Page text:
What the heck is going on?

Note: A version of this post published in the Huffington Post on 9/26/12: http://www.huffingtonpost.com/stephanie-armstrong/bulimia_b_1914788.html

In the past week, Katie Couric spoke about her past battle with bulimia in an interview with young star and current center of the eating disorder conversation, Demi Lovato, and Lady Gaga has engaged conversation about her struggle with anorexia and bulimia after being targeted by paparazzi weight hate.

Because I care about the swimming world, I know that Olympic hopeful Dagny Knutson pulled out of the running this year because of the toll bulimia had taken in her life.  In doing so, she joined the ranks of swimming stars Dara Torres and Amanda Beard who have both come out about their battles, too.

Seeing these headlines in the news got me thinking about who else – Princess Diana, Paula Abdul – so I Googled “famous bulimics” to find this very long list (check it out, I bet you’ll be surprised): http://edreferral.com/Celebrities_who_died_or_have_Eating_Disorders.htm.

I was shocked at just how many of our favorite starlets (and stars) were included there, and those are the ones who have spoken out.  Then think about your own world – have you had family members or friends who have been silent sufferers or have you suffered silently, too?  We know there’s a problem.  Whether you want to face it or not, eating disorders are pervasive.

But this all got me thinking: What the heck is going on??

So many people suffering alone – fear overcoming the need to speak out.  Little girls are strangled in silence.  I believe there is more we can – and must do.

When working with a group of teens recently, I was both inspired and quietly alarmed.  As we talked, a conversation about the challenges they were facing unearthed between them – from parents fighting cancer to their own insecurities, to dealing with negativity and drama around them.

Their solution was strength – they would need to be strong.  And, what did “strength” mean to them?  All gave answers that circled around a strong girl being one who always smiled, never let negativity bother her, and helped support others.

I felt like I had fallen into the middle of Rachel Simmon’s The Curse of the Good Girl or Steven Hinshaw’s The Triple Bind.  These girls were holding their worlds up on their smiles.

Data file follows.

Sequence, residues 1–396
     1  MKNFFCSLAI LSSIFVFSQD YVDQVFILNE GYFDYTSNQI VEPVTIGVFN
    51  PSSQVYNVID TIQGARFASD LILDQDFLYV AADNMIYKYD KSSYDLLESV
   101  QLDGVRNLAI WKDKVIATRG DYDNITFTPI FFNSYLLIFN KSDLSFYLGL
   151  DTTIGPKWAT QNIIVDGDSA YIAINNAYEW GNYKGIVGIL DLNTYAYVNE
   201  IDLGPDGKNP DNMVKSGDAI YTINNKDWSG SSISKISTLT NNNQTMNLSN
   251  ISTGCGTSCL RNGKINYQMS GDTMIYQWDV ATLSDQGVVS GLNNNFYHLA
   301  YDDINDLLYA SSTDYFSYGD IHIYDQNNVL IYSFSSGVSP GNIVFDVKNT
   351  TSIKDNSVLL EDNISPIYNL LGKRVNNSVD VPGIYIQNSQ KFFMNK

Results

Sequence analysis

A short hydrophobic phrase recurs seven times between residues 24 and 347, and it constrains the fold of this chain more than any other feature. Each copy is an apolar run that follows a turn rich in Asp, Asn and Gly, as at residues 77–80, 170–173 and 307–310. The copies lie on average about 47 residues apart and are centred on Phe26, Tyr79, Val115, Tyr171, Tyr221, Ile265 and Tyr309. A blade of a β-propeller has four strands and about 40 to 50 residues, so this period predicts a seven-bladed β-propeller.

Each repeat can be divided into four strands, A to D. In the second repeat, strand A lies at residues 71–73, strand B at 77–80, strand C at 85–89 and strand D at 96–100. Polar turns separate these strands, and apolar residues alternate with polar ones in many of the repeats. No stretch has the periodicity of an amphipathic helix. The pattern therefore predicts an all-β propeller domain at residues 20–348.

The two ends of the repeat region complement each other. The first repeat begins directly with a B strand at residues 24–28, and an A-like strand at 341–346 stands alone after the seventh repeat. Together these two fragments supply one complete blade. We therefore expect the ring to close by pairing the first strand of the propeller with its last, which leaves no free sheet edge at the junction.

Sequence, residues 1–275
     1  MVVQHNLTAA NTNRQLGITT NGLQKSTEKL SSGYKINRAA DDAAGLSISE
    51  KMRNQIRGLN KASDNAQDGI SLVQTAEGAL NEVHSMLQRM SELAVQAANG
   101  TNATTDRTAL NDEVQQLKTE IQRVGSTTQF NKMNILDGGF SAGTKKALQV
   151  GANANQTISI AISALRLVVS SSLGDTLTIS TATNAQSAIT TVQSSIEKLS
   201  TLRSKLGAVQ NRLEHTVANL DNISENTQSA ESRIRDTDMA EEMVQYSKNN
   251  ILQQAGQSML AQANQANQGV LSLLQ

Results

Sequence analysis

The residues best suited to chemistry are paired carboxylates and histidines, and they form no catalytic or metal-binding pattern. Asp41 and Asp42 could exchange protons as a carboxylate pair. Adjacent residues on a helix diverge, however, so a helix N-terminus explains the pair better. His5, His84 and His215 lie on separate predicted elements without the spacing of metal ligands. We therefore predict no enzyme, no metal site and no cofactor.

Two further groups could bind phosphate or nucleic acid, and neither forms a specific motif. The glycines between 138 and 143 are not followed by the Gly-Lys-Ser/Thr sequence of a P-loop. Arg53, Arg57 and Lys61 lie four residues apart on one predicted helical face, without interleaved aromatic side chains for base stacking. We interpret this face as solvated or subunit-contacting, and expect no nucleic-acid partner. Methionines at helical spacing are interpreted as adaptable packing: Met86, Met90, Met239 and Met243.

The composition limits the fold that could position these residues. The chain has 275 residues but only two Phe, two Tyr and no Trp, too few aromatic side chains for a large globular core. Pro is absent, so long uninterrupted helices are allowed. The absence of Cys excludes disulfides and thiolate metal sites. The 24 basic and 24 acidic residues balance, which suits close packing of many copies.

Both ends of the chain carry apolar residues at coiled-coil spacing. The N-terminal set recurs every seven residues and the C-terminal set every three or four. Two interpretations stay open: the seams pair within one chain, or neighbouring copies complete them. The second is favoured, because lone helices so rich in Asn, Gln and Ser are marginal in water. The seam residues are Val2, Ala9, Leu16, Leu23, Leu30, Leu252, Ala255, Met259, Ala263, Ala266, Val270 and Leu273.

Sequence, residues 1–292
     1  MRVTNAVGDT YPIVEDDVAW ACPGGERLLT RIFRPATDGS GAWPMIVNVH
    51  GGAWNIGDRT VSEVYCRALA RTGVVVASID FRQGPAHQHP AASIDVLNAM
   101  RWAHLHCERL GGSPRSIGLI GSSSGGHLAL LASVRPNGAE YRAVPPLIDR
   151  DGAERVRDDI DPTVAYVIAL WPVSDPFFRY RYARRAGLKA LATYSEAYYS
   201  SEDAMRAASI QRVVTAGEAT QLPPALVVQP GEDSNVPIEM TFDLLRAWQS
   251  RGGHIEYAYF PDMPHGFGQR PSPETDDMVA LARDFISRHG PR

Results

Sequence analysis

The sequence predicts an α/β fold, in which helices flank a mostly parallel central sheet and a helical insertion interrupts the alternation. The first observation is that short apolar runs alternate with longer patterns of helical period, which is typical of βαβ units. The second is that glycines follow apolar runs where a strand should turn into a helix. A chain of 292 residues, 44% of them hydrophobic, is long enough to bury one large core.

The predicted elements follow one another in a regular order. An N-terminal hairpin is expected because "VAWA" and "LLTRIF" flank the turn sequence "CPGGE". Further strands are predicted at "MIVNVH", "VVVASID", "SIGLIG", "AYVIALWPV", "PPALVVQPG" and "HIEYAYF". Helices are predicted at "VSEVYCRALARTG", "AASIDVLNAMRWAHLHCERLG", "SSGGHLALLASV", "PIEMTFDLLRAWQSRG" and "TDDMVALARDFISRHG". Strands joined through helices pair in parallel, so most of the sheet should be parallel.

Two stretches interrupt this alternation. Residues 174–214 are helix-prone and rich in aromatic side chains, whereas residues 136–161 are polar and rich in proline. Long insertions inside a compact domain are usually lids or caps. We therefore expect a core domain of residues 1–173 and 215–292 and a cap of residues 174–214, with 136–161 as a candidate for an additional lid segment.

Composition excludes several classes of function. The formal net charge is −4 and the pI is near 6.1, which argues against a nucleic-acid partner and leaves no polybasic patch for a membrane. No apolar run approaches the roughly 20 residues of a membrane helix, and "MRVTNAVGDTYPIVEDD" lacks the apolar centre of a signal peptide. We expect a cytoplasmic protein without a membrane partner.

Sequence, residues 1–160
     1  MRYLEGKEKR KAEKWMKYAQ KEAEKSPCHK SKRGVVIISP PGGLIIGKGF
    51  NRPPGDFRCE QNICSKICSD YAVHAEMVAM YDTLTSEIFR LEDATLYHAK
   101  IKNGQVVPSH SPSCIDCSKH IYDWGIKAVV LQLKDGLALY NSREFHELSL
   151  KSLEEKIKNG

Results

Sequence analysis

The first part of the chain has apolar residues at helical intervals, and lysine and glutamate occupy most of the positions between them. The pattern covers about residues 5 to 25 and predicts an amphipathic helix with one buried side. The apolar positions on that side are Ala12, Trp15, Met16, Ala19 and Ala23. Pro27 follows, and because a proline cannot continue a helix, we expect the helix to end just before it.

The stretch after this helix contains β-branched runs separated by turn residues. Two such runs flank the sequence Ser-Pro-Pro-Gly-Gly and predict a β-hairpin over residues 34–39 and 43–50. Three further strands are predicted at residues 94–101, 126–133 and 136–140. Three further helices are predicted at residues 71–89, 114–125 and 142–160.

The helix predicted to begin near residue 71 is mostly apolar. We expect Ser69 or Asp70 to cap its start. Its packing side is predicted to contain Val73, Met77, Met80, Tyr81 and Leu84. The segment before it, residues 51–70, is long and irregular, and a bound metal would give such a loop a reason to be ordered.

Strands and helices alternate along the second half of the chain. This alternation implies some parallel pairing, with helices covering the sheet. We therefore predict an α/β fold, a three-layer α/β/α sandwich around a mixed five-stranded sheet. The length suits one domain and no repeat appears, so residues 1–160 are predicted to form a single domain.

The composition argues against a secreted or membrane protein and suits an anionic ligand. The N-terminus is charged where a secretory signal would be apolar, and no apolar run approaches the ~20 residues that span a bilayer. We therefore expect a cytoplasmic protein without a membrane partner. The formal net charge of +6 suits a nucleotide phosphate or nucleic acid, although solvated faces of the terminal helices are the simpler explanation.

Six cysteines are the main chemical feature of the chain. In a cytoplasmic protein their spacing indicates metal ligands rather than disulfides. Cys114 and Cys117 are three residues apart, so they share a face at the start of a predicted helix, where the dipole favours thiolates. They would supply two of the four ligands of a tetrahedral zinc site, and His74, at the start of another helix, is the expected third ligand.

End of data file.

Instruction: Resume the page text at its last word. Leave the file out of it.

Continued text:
The innocence and beauty in a young girl can light up a family in turmoil, a sick parent, or fighting friends.  Girls can light up a country, as young Amanda Beard did when she carried her teddy bear to the starting blocks in her first Olympics at 14 and our beloved Team USA gymnasts do, and did especially this year.

Can we protect our girls more?  And how can we get underneath them as support so they don’t feel like the weight of their worlds relies on their smiles.  Can we give them the space to be WHOLE girls with feelings, flaws, and failures, or will we continue to idolize the sweet little princess who can and must do it all?

There is pain hiding behind perfection that needs to be let out.  Abusing food does help to placate; but these girls – these people – need compassionate guides to come alongside and let them know that even the painful parts are lovable more than anything else.  They need to know that their worth does not come in their perfection, and that their smile is not meant to stand guard between the struggles of the world and their precious hearts.

[Photo Credit]

 

4 Comments

  1. Rachel on September 25, 2012 at 6:17 pm

    Great post, Steph! Ally and I discuss positive self body image a lot!! :)) Not too thin and not too heavy… just right. :)) She knows neither extreme is healthy. Love you and your amazing quest to help others in life. You are BEAUTIFUL inside and out. xx

    • Stephanie on September 26, 2012 at 7:31 am

      Thank you, Rachel! Open lines of communication on all issues support healthy development. Grateful to know both you and Ally. Keep it up!

  2. Toni Smith on October 3, 2012 at 9:38 am

    Does “not too thin and not too heavy” imply yet another perfection goal – that of being the perfect middle-size? I’m not too sure that gets to what is at the heart of this problem. Tying self image to body image, even the wonderfully middle image – is that just another form of looking at externals and judging/valuing ourselves and others by them? – Please discuss.

    • Stephanie on October 3, 2012 at 9:55 am

      Great question, Toni!

      I suggest that we focus on BEING HEALTHY, which may look different for different people at different times of their lives. Focus less on body size and more on the following:

      – Eating healthy, whole foods
      – Exercising regularly. Find ways to exercise that you enjoy! If you like swimming, swim. If you like talking to your friends and being out side, make regular walking dates (like I do!). If you like dancing, do that. Exercising out of obligation never lasts long.
      – Keeping healthy, accepting, and uplifting friendships and relationships. Always be aware of the relationships that drain and the relationships that sustain! Be proactive in choosing with whom you spend your time.
      – Character counts. If you are a good person, you will be happier and healthier.

      I believe that health starts with a healthy heart. When we are nourishing our hearts with the love we really need – from relationship with God, through connection with others, through serving, by using our gifts – we are healthy and the too big, too small conversation becomes less relevant.

      I may need to write a whole blog on this! Thanks for the great question. Let me know if you have others.

      With heart,
      Stephanie

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